Page last updated at 12:56 GMT, Thursday, 27 November 2008

Slump busters: jobs that beat the downturn

By Ben Steele
BBC Money Programme

The economic slowdown is forcing families across Britain to make tough choices.

Wedding dress for sale on eBay
Shrewd consumers buy wedding dresses online

People working in the house-building industry face the fastest, most severe decline for 70 years.

Sales have halved, repossessions are up 71%, and the average property value has dropped more than 10,000 in a year.

House-building firms have cut thousands of jobs.

Boom has turned to bust and some of those who work in the industry have taken drastic measures.

Better outlook

Quantity surveyor Patric Vale and his family have packed up everything they own.

"If I lost my job with what appears to be a recession then we could lose our house," says Mr Vale.

Some leave the country to find work

"It doesn't bear thinking about."

Rather than face the risk of redundancy and repossession, Mr Vale has taken a bold decision, accepting work in Dubai.

The whole family is moving to the Middle East.

It is a step into the unknown, but they flew out from Heathrow in optimistic mood.

"I think we've got the right outlook," reflects Mr Vale. "We do want to make a better life for ourselves in the short term whilst things are like they are in the UK."

Jobs disappear

It is not just builders who lose their jobs in a housing market slowdown.

The impact of the credit crunch may prove to be a much needed catalyst for some
Sharon Slade

The industry is an enormous multiplier in the economy.

As it slows, carpet showrooms, kitchen companies, removal firms, solicitors, brick and tile manufacturers, truck drivers who deliver construction material are all affected.

So too are estate agents.

The industry has been buffeted by the downturn in sales, with many estate agents currently selling less than one home a week.

It has been estimated that 20% of all agents could lose their jobs by Christmas.

Martin Keeler had worked as an agent for five years in East Sussex, but he lost his job in the summer.

"I got a phone call at home saying that it is no need to come in anymore," he says. "I was gutted."

With a big mortgage of his own, Mr Keeler needed to find new employment quickly.

Instead of looking for another job in a saturated industry, he assessed his marketable skills and decided to use them.

As such, the downturn has been a catalyst for Mr Keeler in helping him decide what he wanted to do with his life.

"What I thought was a safe job didn't turn out to be a safe job," he says.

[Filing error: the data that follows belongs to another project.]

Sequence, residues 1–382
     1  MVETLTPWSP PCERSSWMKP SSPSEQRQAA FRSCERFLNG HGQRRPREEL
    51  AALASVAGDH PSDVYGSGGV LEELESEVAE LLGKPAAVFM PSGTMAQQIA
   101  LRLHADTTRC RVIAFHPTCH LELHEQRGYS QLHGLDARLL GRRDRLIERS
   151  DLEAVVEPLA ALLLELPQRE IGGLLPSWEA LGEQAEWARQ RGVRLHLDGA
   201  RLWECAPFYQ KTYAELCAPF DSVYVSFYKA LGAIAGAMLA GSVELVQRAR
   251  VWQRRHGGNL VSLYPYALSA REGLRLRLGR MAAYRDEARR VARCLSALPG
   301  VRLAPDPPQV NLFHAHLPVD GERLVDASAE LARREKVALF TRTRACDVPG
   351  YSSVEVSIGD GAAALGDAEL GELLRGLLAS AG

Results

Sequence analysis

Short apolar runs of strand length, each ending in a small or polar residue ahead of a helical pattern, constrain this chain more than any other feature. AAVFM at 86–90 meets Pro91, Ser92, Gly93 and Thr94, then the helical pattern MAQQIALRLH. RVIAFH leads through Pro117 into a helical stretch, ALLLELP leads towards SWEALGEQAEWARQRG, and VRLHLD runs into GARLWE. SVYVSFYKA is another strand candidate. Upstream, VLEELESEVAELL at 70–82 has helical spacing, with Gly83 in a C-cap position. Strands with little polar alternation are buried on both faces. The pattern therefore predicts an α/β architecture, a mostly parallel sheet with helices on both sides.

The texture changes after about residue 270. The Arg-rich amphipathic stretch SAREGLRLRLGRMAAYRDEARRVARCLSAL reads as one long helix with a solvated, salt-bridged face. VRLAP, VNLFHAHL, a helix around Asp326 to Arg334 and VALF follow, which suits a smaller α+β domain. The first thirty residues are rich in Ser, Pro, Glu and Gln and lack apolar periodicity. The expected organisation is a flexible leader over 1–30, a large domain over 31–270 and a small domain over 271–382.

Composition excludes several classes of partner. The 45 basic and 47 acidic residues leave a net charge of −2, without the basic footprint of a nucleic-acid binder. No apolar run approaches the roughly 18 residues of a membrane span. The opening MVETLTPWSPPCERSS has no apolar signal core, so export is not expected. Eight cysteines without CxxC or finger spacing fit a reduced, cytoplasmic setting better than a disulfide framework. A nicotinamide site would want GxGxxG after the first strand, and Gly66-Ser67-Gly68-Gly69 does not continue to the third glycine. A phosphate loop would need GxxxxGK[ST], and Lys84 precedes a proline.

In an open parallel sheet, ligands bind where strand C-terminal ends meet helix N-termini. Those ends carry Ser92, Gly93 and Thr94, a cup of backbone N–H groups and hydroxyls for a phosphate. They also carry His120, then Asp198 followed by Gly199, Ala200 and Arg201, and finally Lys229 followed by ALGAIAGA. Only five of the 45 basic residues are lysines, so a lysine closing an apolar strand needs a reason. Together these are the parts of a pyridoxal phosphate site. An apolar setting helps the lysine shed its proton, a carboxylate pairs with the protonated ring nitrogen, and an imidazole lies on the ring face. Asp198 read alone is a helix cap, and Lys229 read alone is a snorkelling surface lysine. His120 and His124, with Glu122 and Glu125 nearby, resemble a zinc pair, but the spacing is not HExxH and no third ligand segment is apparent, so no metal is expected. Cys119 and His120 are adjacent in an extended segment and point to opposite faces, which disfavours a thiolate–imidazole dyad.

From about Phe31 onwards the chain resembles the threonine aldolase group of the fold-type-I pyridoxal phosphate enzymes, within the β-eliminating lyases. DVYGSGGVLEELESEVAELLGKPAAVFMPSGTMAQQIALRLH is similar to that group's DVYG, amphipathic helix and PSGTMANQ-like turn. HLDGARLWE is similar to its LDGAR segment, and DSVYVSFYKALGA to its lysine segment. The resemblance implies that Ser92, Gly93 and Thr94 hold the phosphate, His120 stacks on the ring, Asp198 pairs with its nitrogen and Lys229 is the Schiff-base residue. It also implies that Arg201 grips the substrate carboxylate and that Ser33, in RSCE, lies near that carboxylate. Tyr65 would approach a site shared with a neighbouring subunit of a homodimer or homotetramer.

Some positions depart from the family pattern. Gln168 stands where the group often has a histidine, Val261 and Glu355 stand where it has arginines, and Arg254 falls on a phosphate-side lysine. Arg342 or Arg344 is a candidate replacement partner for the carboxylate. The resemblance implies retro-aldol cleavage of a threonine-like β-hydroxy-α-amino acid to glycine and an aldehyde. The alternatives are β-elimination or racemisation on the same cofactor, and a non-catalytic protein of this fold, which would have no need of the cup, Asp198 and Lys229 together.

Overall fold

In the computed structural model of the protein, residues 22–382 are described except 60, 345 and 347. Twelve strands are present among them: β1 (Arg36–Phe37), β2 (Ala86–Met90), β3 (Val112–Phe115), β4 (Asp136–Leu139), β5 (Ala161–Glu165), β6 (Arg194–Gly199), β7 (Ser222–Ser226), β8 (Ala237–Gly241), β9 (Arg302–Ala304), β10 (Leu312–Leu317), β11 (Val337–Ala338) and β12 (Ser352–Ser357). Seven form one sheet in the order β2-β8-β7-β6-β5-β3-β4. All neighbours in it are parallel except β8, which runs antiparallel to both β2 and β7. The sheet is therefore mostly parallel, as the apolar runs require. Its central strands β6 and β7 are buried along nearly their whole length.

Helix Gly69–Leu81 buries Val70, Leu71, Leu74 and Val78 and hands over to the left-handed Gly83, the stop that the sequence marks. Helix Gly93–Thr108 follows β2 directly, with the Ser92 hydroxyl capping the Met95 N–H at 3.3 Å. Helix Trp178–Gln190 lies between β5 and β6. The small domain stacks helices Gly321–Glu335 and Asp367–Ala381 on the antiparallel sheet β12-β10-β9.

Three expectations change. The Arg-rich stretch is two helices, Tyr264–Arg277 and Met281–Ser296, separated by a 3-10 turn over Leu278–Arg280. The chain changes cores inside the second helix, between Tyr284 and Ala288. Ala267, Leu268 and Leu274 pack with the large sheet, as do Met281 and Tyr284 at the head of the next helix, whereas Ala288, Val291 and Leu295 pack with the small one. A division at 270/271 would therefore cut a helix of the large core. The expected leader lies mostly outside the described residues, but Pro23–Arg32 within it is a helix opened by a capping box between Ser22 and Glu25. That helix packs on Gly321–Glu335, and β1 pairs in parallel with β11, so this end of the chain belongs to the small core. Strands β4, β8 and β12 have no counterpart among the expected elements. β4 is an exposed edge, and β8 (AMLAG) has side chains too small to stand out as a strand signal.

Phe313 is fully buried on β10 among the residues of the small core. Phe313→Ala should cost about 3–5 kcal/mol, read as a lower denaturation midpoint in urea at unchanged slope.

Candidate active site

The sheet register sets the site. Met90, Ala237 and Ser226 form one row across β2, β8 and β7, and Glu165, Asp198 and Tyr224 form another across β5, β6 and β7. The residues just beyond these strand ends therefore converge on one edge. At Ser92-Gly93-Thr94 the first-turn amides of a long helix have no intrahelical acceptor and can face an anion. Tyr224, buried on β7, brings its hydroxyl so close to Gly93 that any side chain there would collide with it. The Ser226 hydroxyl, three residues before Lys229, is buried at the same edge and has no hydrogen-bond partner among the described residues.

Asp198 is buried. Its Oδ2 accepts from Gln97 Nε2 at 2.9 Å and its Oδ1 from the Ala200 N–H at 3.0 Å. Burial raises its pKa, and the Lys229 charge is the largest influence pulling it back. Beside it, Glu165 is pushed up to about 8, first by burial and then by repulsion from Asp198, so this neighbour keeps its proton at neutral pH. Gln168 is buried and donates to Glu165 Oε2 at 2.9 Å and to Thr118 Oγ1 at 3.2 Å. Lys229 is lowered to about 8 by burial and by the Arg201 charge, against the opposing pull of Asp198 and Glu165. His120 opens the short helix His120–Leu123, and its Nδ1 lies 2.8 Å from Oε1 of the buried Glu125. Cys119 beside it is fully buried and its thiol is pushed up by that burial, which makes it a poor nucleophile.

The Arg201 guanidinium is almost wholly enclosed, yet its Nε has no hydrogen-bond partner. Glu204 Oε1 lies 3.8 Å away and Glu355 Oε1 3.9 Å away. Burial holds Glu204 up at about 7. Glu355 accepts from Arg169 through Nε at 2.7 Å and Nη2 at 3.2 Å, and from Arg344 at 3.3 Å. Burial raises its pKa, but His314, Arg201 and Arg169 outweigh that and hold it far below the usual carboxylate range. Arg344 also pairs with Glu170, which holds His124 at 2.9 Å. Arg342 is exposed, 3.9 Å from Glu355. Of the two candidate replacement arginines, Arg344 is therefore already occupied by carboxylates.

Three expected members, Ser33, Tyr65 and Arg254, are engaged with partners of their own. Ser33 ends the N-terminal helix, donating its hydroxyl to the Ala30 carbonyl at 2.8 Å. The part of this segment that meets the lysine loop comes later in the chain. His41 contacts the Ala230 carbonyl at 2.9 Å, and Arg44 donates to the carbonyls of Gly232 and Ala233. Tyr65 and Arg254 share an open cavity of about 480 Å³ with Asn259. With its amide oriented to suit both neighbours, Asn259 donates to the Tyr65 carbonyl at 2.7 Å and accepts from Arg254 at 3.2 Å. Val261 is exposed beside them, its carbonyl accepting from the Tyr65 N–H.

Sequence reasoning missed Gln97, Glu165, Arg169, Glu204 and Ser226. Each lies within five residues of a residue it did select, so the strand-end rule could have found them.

"So I've gone back to what I should have stuck with in the first place, which is DJ-ing."

Money can't buy me love

Last year the average wedding cost approximately 20,000.

Gay Cossins
Ms Cossins has found a novel way of beating the credit crunch

In Devon, skilled labourer Chris May and Titch Fenwick had been engaged for over five years.

But they had to put their dreams of marriage on hold, as they could not afford to pay for their big day.

"Titch has seen the dress she wants," says Mr May. "But it is thousands of pounds. I can't afford that on my wage."

Yet in August the couple did get married.

Ms Fenwick had found a way to keep her dream from turning into a financial nightmare, and in the process she set a brand new trend: the credit crunch wedding.

She bought her ideal dress on the internet for 52, and their wedding rings cost 19.

They held the reception at Mr May's workplace for free and their honeymoon was a stroll along the seafront.

All in, the day cost them just 545.

Heat or eat?

No matter what our personal circumstances, we've all been hit by a sharp rise in the price of energy.

Gas and electricity prices have jumped by some 35% this autumn and the average household energy bill is now 1,240.

The price increases have forced millions of vulnerable people into fuel poverty, spending more than 10% of household income on gas and electricity.

Allan Asher was chief executive of the consumer watchdog Energy Watch till the organisation closed this September.

"The impact of the skyrocketing prices is forcing millions of families to make absolutely stark choices," he says.

"It really comes down to whether people can afford to heat or eat."

But in East Sussex, retired teacher Gay Cossins has found an unusual way to beat the price hike.

Last year, at a cost of 1,800, she installed a wood-burning stove for heating and cooking.

She scavenges for wood and now has a shed full to see her through the coming winter.

As a result of this pre-planning, Ms Cossins is almost immune to the price hike: her last winter's gas bill came to just 9.57 and she expects this winter's bill to be less than 15.

With the Bank of England warning the economy may be in recession well into 2009, millions of Britons are being forced to find a way through the economic doom and gloom.

With a bit of forward thinking - and some luck - some are already beating the downturn.

Credit Crash Britain: Slump Busters, 1930 on BBC 2 on 27 November.

Print Sponsor


Has China's housing bubble burst?
How the world's oldest clove tree defied an empire
Why Royal Ballet principal Sergei Polunin quit


Americas Africa Europe Middle East South Asia Asia Pacific